Power breakfasts are really no yolk
Daniel knelt by my side at the table, a knife in his hand. With one decisive blow… he sliced the top off my boiled egg.
“ At last!... perfection Mr Rosengard!” he said. “Yellow runny; white firm.”
“Well done Daniel,” I said to the young waiter.
We were having a slight problem with the boiled eggs this morning. I have been having two, sometimes three, breakfast meetings a day at Claridge’s for almost 30 years.
“Just walk into the lobby and look for someone who looks like he’s had three or four hundred breakfasts,” I tell my guests.
I finished my egg, and glanced up from The Times. Henry Kissinger was about to sit down at my table.
This was quite a surprise, as I was expecting Irving Feingold, a dentist from Stanmore.
“Dr Kissinger… how nice to see you,” I said.
Instantly I remembered the two previous encounters that we’d had at Claridge’s.
The first time was in the lobby 25 years earlier.
He had his arm in a plaster cast. “Welcome to London Dr Kissinger,” I said. “An assassination attempt?”
“No,” he said. “I slipped on a rug in Sacramento.”
The second occasion was in January 1991. I was at my breakfast table, when I felt a tap on my shoulder. I put down my forkful of fried eggs and looked round.
At the next table was Dr Kissinger who was breakfasting with the then Foreign Secretary, Douglas Hurd.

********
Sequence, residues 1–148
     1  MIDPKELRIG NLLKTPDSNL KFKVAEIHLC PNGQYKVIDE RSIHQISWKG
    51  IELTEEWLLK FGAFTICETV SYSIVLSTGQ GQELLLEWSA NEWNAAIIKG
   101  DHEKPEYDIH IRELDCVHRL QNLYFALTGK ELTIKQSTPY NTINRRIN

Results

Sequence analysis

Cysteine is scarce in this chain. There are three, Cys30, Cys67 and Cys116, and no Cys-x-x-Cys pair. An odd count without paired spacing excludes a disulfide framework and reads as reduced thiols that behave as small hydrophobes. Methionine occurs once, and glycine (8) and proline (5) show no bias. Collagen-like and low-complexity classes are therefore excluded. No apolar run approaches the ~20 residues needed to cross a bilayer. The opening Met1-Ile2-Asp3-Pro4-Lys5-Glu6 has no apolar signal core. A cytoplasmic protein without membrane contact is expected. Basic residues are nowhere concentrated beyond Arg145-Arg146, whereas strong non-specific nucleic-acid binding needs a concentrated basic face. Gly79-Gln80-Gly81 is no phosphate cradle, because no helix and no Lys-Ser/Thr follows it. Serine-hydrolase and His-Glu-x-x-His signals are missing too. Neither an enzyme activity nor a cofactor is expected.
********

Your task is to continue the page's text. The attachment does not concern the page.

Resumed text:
“Douglas and I were just discussing Saddam’s invasion of Kuwait…What do you think we should do,” he asked.
As a life insurance salesman, I wasn’t often asked about my views on international affairs at breakfast, but I told him anyway.
And two weeks later the First Gulf War began.
Not a lot of people know about my role in starting it.
They don’t call it “the Power Breakfast” for nothing.
I looked up to see Dr Kissinger still frozen in mid descent; he looked at me over the top of his heavy, black-framed glasses...
“Wrong table,” he said.
He headed off towards a table in the far corner.
People ask me if I want to retire.
“Never!” I reply.
“I want to drop dead over breakfast, aged 98,selling a life insurance policy.
Forget heaven. When I die, I want to go to Claridge’s.”
Peter Rosengard is a life insurance salesman who has a lot of breakfasts